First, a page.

What to make of the two female reporters who were released by the North Korean government as a goodwill gesture after Bill Clinton's sudden appearance in Pyongyang? It is certainly good that the women were allowed to leave, but the political farce is likely just beginning. The North Korean media have reported that, as a sign of their magnanimity after Clinton apologized on behalf of the US, they granted a pardon to the women. The Obama administration has stated that this was a private visit by former President Clinton and that there were no messages - and therefore no apology - delivered from the administration.
First, it is impossible that Clinton went to North Korea without the full knowledge and approval of the Obama administration. Clearly a deal was worked out beforehand that his simply showing up for essentially a photo op was sufficient to have the reporters released. So what do the two sides gain from it? Obviously, North Korea gets pictures of Bill Clinton sitting (rather stone-faced) next to Dear Leader and to trumpet that the women were pardoned after Clinton apologized (for what?!). Nobody except the North Koreans (and likely not even a majority of them) believe the propaganda put out by the Dear Leader and his cronies but it makes for a lot of publicity. Essentially, they have proven Hillary's point that they were nothing more than a whiny child wanting attention. And the best way to get back at her for such comments was to have her husband go and kowtow down to them (regardless of whatever spin anyone puts on it on the US side). It seems it worked rather well for North Korea.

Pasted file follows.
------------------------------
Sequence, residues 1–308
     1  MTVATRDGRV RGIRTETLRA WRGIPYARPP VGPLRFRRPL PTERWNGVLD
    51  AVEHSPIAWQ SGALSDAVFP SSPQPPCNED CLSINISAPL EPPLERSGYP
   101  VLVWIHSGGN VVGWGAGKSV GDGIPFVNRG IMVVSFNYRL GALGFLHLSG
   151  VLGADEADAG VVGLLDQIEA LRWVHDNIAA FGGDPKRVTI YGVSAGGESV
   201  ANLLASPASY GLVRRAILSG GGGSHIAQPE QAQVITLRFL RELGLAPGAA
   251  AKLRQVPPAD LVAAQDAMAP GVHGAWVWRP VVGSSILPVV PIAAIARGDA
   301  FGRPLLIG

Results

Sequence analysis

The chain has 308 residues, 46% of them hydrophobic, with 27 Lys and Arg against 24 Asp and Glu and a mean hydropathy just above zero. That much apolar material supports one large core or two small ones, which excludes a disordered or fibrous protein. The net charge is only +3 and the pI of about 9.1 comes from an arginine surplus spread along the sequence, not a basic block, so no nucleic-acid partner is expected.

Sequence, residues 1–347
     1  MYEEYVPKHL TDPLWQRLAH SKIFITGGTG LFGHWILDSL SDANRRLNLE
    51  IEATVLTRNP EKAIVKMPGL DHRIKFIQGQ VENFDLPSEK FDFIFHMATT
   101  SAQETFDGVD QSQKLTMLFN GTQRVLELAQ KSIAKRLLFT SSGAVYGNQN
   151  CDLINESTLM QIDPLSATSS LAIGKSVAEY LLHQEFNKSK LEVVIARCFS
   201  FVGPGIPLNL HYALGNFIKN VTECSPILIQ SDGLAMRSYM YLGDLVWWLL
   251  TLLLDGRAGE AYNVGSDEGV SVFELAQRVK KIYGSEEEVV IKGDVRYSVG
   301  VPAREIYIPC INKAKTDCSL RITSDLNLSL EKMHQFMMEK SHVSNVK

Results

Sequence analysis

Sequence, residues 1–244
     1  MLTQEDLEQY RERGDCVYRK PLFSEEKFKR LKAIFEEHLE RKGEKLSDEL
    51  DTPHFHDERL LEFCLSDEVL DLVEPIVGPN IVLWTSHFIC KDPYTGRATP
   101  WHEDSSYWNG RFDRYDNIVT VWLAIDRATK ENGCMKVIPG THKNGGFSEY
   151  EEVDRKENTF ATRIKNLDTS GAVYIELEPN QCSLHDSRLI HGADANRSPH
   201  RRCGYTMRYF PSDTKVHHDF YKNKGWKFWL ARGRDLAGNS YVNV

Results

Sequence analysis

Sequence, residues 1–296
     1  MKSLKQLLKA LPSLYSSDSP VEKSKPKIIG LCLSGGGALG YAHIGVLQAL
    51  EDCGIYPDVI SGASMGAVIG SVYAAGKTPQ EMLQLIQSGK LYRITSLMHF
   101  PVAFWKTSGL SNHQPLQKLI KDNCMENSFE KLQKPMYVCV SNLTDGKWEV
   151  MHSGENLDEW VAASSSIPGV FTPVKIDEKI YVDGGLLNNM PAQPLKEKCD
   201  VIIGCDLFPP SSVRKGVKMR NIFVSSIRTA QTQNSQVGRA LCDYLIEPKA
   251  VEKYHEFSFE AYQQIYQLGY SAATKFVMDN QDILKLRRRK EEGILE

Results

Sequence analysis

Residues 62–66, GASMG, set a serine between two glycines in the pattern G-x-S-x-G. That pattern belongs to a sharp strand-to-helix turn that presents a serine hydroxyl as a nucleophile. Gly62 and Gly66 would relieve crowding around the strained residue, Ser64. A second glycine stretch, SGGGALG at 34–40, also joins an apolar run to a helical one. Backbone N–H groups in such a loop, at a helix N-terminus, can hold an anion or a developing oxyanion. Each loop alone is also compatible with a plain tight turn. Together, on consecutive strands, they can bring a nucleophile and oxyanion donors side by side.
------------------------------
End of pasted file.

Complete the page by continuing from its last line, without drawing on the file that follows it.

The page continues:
For the US, the only true benefit seems to have been the release of the two women. The Obama administration can protest all it wants that it was not involved but no one outside of the deliberately obtuse will rationally believe it. The logistics alone preclude that as a possibility (the South Koreans have their fishing ships taken prisoner for straying into North Korean waters, so how would a US airplane get to Pyongyang without prior agreement?). It is highly unlikely that any apology was delivered and almost as likely that any message was delivered by Clinton himself. If any message was delivered, it was during the negotiations leading up to Clinton's visit. But, the US does stand somewhat humiliated by this action. Now, any country that wants to get US attention simply has to get its hands on some US nationals and then make whatever demands they want. In the eyes of most Americans - and I am not offering judgment one way or another - a single American life is worth more than a hundred from almost any other nation. (If you don't believe it, ask anyone how many US service members have been killed in Iraq, then ask them how many Iraqis.) So, want to distract attention from the nuclear proliferation issue, just capture a few American civilians and then you can distract them with loud calls about how they're going to be punished and everyone will demand that the government cave in to whatever demands to get them released.
Say, come to think of it, this sounds like Iran now (except they have three instead of two).
And in both cases, how exactly did they end up in North Korea or Iran, anyway?